Data from five pigs with an implanted Impella operating at 37,000 or 42,000 rpm had varying baseline LVEDP values and effect size from an IVC occlusion. Each point (n = 269) represents a separate measurement comparison, and each marker represents a different case (Table 1), with the 42,000 rpm represented by the downward triangle. (A) Correlation plot comparing hysteresis-derived and directly measured LVEDP (R2 = 0.96) for all animals, with the dashed line representing the unity correlation. (B) Bland-Altman plot for all animals with standard confidence intervals using ±2 SDs of the difference between the hysteresis-derived and directly measured LVEDP over the average result of both methods.

  • Fig. 5 LVEDP measurement during IVC occlusion.

    Hemodynamics at baseline (a, solid blue line) and during IVC occlusion before Impella suction event (b, dotted purple line). (A) Left ventricular PV loops from Millar catheter demonstrate reduction in end diastolic pressure and stroke volume. (B) Hysteresis loops exhibit increased motor current during diastolic filling and a shift in notch (red dot) corresponding to end diastolic pressure from the effects of the IVC occlusion. (C) LVEDP over time via hysteresis-derived method (dashed blue line), direct catheter (solid black line), and PCWP measurement (orange square). (D) Correlation plot of the hysteresis-derived (blue circle; R2 = 0.88) and PCWP (orange square; R2 = 0.04) measurements to direct measurement of LVEDP, with the dashed black line representing the unity correlation.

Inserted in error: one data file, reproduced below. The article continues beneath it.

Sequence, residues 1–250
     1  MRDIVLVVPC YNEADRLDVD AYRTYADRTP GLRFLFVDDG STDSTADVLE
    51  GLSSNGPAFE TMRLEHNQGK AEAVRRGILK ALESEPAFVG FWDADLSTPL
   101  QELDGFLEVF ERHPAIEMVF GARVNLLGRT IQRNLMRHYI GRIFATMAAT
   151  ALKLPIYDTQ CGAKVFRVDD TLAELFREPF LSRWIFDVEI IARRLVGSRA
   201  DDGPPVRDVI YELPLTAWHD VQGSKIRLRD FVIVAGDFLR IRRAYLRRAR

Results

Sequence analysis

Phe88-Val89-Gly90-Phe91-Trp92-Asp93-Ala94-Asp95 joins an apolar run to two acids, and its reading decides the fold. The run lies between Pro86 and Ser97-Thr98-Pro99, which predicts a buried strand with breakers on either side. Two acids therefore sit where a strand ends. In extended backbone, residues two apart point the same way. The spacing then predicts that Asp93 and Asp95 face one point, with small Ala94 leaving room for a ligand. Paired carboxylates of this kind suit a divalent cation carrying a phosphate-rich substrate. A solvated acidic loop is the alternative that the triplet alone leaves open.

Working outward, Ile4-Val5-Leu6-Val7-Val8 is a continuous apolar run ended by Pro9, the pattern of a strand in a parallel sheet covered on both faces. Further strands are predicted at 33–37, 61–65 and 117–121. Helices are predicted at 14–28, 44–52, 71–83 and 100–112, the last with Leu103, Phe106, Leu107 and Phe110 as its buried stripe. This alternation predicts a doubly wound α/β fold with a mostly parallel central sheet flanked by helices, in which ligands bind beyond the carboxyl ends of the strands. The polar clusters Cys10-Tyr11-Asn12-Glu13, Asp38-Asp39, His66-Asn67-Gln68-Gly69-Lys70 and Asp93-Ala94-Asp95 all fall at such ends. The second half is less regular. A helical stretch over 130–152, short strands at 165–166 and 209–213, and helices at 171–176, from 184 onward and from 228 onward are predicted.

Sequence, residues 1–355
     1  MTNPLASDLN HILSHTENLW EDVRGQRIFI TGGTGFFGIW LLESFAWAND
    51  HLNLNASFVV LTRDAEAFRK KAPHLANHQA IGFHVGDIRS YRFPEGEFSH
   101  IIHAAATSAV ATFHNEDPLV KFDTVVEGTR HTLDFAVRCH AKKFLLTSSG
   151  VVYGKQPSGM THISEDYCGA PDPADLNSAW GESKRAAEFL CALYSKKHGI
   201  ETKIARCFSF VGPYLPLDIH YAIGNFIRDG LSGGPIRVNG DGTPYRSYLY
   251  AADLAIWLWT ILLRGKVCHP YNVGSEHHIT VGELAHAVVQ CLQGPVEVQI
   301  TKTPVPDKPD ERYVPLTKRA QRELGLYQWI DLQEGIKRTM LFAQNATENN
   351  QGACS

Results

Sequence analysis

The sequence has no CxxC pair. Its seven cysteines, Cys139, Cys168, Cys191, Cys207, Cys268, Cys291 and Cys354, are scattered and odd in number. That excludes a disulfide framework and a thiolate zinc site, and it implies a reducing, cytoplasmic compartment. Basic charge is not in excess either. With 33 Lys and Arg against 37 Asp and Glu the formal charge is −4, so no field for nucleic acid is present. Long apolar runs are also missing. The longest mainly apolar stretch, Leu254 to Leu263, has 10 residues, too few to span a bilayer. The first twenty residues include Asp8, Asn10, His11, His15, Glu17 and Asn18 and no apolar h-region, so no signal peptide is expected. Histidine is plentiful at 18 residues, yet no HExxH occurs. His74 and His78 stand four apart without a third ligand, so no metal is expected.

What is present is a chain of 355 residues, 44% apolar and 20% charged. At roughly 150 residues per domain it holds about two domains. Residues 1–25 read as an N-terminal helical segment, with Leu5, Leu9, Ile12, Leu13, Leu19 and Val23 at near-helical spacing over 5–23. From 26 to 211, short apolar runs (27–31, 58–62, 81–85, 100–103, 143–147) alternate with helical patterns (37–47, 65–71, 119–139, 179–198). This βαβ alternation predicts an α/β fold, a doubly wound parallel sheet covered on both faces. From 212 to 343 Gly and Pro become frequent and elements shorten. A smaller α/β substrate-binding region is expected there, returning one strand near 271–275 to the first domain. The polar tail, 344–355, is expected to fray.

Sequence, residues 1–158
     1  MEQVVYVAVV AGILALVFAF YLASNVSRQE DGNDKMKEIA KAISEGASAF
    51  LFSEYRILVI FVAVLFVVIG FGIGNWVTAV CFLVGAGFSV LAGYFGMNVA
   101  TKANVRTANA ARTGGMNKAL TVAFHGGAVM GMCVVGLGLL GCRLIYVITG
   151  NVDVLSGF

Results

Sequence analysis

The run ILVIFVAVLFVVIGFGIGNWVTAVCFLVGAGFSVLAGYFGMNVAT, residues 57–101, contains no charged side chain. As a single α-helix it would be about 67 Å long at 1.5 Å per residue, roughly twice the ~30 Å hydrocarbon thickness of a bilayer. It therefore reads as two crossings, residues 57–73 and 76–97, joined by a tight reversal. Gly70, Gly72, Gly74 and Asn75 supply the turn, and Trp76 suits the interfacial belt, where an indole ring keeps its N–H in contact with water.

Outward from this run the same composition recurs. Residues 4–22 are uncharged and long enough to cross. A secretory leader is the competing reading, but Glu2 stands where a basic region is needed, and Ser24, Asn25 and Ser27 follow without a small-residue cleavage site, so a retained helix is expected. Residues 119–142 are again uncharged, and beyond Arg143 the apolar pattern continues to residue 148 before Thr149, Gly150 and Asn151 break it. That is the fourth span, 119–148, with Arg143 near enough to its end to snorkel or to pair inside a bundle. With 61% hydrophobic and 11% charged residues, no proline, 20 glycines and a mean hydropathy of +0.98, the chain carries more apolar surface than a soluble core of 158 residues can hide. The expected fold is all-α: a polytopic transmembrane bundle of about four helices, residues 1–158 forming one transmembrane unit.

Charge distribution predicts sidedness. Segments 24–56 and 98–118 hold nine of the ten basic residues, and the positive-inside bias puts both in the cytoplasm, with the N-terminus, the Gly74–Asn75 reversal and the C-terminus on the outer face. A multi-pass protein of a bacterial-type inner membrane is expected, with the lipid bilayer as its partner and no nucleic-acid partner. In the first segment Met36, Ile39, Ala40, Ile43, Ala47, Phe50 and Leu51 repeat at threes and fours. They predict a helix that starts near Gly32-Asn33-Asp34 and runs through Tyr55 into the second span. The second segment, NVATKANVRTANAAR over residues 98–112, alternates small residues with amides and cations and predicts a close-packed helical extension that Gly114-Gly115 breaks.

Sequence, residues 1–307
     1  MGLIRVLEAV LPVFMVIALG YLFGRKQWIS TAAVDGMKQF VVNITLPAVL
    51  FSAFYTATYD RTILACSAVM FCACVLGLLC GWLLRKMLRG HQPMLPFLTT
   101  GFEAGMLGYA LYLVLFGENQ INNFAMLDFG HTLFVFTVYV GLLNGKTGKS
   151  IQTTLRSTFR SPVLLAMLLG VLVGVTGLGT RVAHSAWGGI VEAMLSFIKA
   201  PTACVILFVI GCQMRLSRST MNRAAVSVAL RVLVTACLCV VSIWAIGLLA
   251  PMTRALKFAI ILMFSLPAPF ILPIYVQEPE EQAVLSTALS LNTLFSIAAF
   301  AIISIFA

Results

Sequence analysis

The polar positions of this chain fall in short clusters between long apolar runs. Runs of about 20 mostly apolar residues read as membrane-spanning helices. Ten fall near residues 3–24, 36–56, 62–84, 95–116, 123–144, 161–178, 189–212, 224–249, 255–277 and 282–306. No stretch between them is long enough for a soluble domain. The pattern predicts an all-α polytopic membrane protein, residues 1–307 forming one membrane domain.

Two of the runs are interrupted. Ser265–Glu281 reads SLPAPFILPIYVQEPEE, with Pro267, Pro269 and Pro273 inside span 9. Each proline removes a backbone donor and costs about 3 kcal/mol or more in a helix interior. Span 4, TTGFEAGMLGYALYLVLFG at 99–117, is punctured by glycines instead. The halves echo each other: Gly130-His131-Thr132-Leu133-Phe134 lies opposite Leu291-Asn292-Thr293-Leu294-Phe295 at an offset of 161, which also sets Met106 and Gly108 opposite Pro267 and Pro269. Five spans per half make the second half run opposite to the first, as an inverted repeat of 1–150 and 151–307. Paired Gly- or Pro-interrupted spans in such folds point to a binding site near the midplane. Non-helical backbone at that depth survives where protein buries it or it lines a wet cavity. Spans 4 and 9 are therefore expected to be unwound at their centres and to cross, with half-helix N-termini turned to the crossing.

• Fig. 6 LVEDP measurement from retrospective patient data.

    Data are shown around discrete time points with available PCWP data. (A) A patient chart–extracted PCWP estimation (orange circle) for LVEDP is compared with the hysteresis-derived LVEDP (dashed blue line) for 25 heart beats. (B) A separate time point with a digitized waveform of PCWP (dashed-dotted orange line) during a breath hold and the hysteresis-derived LVEDP (dashed blue line).

Tables

  • Table 1 Basic hemodynamics for each animal case at baseline and during intervention.

    Each animal trial was performed independently in five pigs using the IVC occlusion intervention. An additional case was performed with animal 5 at a different operating speed (42K = 42,000 rpm) to demonstrate parity at multiple speeds. ΔP is the pressure difference between the aortic and left ventricular pressure, of which all animals had a minimum gradient of ~0 mmHg. Mean arterial pressure (MAP) is shown at baseline and during peak intervention. bpm, beats per minute.

    Animal 1Animal 2Animal 3Animal 4Animal 5Animal 5 (42K)
    Mass (kg)77.370.079.471.468.068.0
    Heart rate (bpm)12511097116129110
    MAP baseline (mmHg)104.065.388.183.398.298.6
    MAP occlusion (mmHg)71.838.271.762.160.579.5
    ΔP max (mean) (mmHg)109.0 (41.9)70.2 (21.9)105.4 (45.7)93.4 (33.7)81.3 (32.1)90.9 (38.3)
    LVEDP max/min (mean) (mmHg)19.5/4.4 (15.8)9.4/3.1 (8.4)7.1/4.7 (6.0)13.8/10.1 (12.3)23.5/15 (22)23.8/9.0 (19.7)
    LVEDP data points456235339432
    Mean absolute error (mmHg)0.920.311.580.981.000.84

Stay Connected to Science Translational Medicine

Navigate This Article